Dead, or just resting? A contemplation of how speeches contribute to leaders’ legacies

Review of: Talking Up a Legacy: Australian Prime Ministers and the Speeches We Remember Them By   by Tom Clark, Associate Professor, Victoria University (Melbourne, Australia)

“Stop trying to make every speech a Gettysburg Address”—so went the well-taken scolding once handed down by a senior staffer to the late John J. Casserly during his time as a speechwriter to US President Gerald Ford. 

Still, speechwriters and the leaders they write for hope some of their remarks rise to a rhetorical place that carries them beyond the day of their delivery.

The legacies that elected officials and their speechwriters hope to create through memorable remarks form the focus of Tom Clark’s new book Talking Up a Legacy. Clark, an associate professor at Australia’s Victoria University, has structured the book as “a series of meditations on Australia’s living prime ministers and their most widely recalled speeches.” 

However long or short an elected official’s term in office, as Clark writes, the same question arises: once they “no longer [hold] the media’s attention and we are not daily prompted to think about [their] words, how will [their speeches] fare as legacy?” His goal in Talking Up a Legacy is to examine how leaders’ official remarks are imprinted into public memory, and how this in turn shapes the lasting impression left by an individual leader.

Clark brings to this study his academic background in rhetorical and poetic analysis, his deep knowledge of recent Australian political history—and the insights he has as a former speechwriter, with experience writing for public figures such as Nathan Rees. Clark has produced a very thoughtful, but also accessible and provocative book—enriched by his sharp eye for detail and dry sense of humor. (You definitely do not need an extensive background in the last three decades of Australian politics to benefit from Talking Up a Legacy.)

Regarding his own background in speechwriting as it pertains to the link between speeches and legacy-making, Clark notes:

As a political speechwriter, half the speeches I was asked to write needed to revolve around a government’s checklist of shining achievements, but I can barely remember what any of those scripts said…They sit in files that, quite possibly, nobody has read since they were spoken or will ever read again. All those legacy-narratives, those candidates for public memory, sit patiently on the shelf like unbought animals at a pet shop.

Clark’s argument is that speeches do not serve as raw material for the building of lasting political legacies in the way they once did. He freely admits that the book “does not really explain the causes” of this, or offer “a unified and convincing account” of it came to pass. Clark locates this development in various incremental shifts that have simultaneously altered the position of Australian prime minister as a public office, reworked parts of that country’s political culture, and also caused the practice of “public speaking” as it was once understood it to change. And you don’t need to be Australian to recognize what Clark describes, as this trend appears to be happening in some degree across the developed world.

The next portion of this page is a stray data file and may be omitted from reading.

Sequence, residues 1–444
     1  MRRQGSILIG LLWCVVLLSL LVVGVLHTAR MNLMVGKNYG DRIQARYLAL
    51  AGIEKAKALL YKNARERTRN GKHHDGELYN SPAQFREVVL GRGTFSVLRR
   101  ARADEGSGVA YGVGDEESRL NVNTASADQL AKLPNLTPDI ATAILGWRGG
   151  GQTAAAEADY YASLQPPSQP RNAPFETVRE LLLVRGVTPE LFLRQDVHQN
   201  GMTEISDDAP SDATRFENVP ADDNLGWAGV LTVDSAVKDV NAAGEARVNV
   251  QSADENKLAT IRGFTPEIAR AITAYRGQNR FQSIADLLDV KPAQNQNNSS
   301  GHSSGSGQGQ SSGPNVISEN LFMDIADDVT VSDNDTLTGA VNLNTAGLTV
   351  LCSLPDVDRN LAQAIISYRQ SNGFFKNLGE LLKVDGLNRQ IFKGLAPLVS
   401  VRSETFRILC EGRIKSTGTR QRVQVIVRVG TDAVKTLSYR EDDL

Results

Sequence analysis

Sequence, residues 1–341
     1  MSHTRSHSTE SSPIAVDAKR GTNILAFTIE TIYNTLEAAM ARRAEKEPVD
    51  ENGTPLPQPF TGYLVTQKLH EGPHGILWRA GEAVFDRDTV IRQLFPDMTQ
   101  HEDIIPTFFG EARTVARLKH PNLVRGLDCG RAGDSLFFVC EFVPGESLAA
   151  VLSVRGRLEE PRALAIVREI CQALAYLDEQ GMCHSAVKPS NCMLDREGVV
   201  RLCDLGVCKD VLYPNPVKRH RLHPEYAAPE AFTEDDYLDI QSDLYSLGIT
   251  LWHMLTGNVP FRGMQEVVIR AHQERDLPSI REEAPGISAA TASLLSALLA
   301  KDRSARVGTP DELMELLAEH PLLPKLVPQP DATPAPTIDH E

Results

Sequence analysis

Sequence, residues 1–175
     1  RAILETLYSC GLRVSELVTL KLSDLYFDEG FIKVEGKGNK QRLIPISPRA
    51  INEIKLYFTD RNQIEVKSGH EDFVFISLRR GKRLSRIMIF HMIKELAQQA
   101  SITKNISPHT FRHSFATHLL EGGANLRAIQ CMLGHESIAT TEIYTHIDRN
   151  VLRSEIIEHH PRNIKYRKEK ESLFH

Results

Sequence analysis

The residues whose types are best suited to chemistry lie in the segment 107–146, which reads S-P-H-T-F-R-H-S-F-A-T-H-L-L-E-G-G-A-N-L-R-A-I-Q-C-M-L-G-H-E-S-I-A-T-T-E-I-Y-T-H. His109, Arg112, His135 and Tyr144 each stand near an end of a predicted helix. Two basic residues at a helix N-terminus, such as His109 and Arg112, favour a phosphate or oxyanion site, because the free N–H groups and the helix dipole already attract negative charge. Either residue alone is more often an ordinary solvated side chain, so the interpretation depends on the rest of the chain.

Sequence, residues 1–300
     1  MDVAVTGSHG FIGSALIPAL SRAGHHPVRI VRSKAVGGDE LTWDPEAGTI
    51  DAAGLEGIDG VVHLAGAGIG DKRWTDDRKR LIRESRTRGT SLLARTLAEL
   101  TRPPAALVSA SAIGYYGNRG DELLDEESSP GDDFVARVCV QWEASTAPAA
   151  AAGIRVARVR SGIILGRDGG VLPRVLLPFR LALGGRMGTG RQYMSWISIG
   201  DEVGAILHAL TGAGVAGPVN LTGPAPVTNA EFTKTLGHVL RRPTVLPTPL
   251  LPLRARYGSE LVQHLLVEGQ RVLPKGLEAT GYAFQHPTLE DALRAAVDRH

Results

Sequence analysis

Whatever the sources behind the changes, Clark writes, the end result is that the act of delivering a speech, “once understood as the medium for setting down a legacy” is today “very clearly a ‘legacy medium’. Speeches are now an affective ‘nice to have’, rather than any effective necessity of the office of prime minister.” 

So instead of using speeches as “their main vehicle for appealing to public memory,” PMs can use one of the various “workarounds” available to them, such as talk radio show appearances with friendly hosts, or repeating talking points at live/recorded press conferences, to dispense with major speeches on difficult topics.  Clark further illustrates this workaround idea by referencing President Trump’s Twitter output: 

Trump’s rhetorical talent is for distillation, for reducing an entire program of government to a small number of small slogans. Trump has taken this even further from the domain of speeches by channelling his most tactically engaged remarks – what communications strategists often call the ‘cut-through’ comments – through Twitter… Their vocabulary and syntax are more like speaking than writing. Their speaking persona maintains a dramatic presence across the thousands of tweets that form his serial monologue.

As Clark shows several times, these workarounds may all seem lower risk than the tight-rope walk of a high-stakes speech in front of a live audience, but their long-term contribution to serious legacy-building is highly debatable. Over-reliance on these tactics even seems to shrink one’s chances of establishing a lasting legacy, as some examples raised by Clark demonstrate. 

Is the retreat from speeches-as-legacies permanent? Clark optimistically believes it will pass. He looks forward to the day when “the Malala Yousafzais and Greta Thunbergs of this world” rise to elected office, observing that they “subscribe to the electrifying speech as a vehicle for public leadership and for the laying down of legacies.”

In the spirit of Clark’s tongue-in-cheek style, we might say that legacy speeches are not dead—rather, like Monty Python’s parrot, they are just resting.

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